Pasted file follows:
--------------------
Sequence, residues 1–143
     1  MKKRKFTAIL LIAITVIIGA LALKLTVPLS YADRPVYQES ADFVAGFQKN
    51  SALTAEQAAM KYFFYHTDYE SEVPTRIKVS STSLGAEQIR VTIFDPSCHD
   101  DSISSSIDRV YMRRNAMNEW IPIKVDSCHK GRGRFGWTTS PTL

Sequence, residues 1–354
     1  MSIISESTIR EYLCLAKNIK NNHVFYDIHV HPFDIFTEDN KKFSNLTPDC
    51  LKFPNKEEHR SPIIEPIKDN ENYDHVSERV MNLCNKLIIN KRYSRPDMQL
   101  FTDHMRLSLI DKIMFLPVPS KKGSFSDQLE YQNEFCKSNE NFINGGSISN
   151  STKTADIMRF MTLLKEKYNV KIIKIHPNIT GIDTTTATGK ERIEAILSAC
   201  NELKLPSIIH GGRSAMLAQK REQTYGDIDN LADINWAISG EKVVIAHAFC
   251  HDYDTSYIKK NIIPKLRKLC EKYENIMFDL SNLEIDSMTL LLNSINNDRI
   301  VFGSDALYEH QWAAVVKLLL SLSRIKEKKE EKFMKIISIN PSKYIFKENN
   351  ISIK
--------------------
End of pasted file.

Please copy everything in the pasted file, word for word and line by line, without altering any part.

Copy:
Sequence, residues 1–143
     1  MKKRKFTAIL LIAITVIIGA LALKLTVPLS YADRPVYQES ADFVAGFQKN
    51  SALTAEQAAM KYFFYHTDYE SEVPTRIKVS STSLGAEQIR VTIFDPSCHD
   101  DSISSSIDRV YMRRNAMNEW IPIKVDSCHK GRGRFGWTTS PTL

Sequence, residues 1–354
     1  MSIISESTIR EYLCLAKNIK NNHVFYDIHV HPFDIFTEDN KKFSNLTPDC
    51  LKFPNKEEHR SPIIEPIKDN ENYDHVSERV MNLCNKLIIN KRYSRPDMQL
   101  FTDHMRLSLI DKIMFLPVPS KKGSFSDQLE YQNEFCKSNE NFINGGSISN
   151  STKTADIMRF MTLLKEKYNV KIIKIHPNIT GIDTTTATGK ERIEAILSAC
   201  NELKLPSIIH GGRSAMLAQK REQTYGDIDN LADINWAISG EKVVIAHAFC
   251  HDYDTSYIKK NIIPKLRKLC EKYENIMFDL SNLEIDSMTL LLNSINNDRI
   301  VFGSDALYEH QWAAVVKLLL SLSRIKEKKE EKFMKIISIN PSKYIFKENN
   351  ISIK